Featured in Five is a monthly section where we pose five questions to a Computing Reviews featured reviewer. Here are the responses from our November featured reviewer, Alasdair McAndrew (Victoria University; Melbourne, Australia).
Q: What is the most important thing that's happened in computing in the past 10 years?
A: I think that crowdsourcing and distributed computing are the most remarkable things: to use either volunteers from the world over to search for patterns in data in their spare time (which humans can do very well but computers can't, at last not with the same ease and correctness), or to devote spare CPU cycles to problems requiring intense computation. Two such projects are the Zooniverse (which is really a collection of projects), and the Great Internet Mersenne Prime Search. Both have been enormously successful.
Q: By the end of your career, where do you think computer science will have taken us? What are you working on that might contribute toward that?
A: I'm looking at education. Most uses of computers in education are still trying to shoehorn old paradigms into new technology. As I see it, there's a lot of talk and rhetoric, but nothing that is incredibly exciting and innovative. Most "online" courses consist of lumping material online for students to go through in their own time, and then answer a test at the end. The underlying pedagogy has not changed for 2000 years. We are beginning to see changes here, though, and I think that the increasing power of AI and expert systems, combined with modern power and ubiquitous computing, could create a huge shift in how education is perceived, and how it might work. I have research students working in this area now.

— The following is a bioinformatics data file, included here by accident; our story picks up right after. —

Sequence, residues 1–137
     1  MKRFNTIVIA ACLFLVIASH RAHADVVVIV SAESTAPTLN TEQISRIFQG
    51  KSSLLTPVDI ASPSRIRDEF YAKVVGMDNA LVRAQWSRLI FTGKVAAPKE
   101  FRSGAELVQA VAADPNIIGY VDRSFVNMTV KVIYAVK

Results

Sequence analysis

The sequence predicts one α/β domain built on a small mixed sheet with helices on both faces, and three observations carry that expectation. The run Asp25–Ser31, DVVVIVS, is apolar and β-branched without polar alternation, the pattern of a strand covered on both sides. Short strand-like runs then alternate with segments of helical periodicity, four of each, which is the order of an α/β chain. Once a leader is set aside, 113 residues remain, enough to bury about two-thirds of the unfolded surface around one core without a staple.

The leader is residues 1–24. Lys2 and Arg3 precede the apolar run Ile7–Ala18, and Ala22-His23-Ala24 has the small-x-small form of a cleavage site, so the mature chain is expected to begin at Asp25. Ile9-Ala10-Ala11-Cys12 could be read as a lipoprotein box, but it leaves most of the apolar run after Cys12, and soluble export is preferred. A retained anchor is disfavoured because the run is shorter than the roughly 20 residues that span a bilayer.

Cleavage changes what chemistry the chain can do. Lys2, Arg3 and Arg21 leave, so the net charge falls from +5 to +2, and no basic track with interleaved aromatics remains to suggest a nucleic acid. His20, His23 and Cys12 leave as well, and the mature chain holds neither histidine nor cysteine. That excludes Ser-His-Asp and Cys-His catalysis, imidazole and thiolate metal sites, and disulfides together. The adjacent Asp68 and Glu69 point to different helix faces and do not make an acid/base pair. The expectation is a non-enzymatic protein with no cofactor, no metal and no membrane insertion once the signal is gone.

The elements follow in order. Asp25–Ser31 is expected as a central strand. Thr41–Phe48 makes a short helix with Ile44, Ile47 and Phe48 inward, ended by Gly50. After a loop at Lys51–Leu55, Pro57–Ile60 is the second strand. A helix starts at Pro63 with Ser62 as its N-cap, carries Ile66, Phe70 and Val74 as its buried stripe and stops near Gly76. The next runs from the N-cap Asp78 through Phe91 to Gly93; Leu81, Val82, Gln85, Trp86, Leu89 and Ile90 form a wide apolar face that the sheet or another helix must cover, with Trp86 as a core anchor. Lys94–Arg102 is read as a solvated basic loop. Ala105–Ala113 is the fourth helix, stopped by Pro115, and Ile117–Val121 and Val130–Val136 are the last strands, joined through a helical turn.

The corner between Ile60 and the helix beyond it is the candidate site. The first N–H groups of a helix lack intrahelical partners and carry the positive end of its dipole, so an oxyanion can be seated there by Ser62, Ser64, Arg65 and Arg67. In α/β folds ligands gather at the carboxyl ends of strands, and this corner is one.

Q: Who is your favorite historical figure? Why?
A: I was going to say Alan Turing, but I see he's already been chosen by lots of others. So I'm going for Euclid of Alexandria, author of "The Elements." This book is an astonishing tour-de-force of codifying mathematics, and after 22 centuries it can still be read for pleasure, and for learning. In terms of all the science that it underlies, this is one of the most remarkable books ever written, and I see its author--a shadowy figure about whom not much is known--as one of the most important people in scientific history.
Q: If you weren't working in the computer science field, what would you be doing instead?
A: I think I'd still be in education somewhere--maybe teaching high school. Other attractive uses of my life would be to be an artist (a poet or musician--in fact I'm not much good at either), or precision carpentry (cabinet making or furniture making). I also have a vague yearning to run a brewery.
Q: What is your favorite type of music?
A: Instrumental music from the Renaissance, Baroque and Classical periods of Western music, in which my favorite piece would probably be JS Bach's "Goldberg Variations" (played on a harpsichord of course!). I also love solo music for the great highland bagpipe, in particular piobaireachd ("pibroch")--airs and variations that are considered to be the "classical music" of the bagpipe.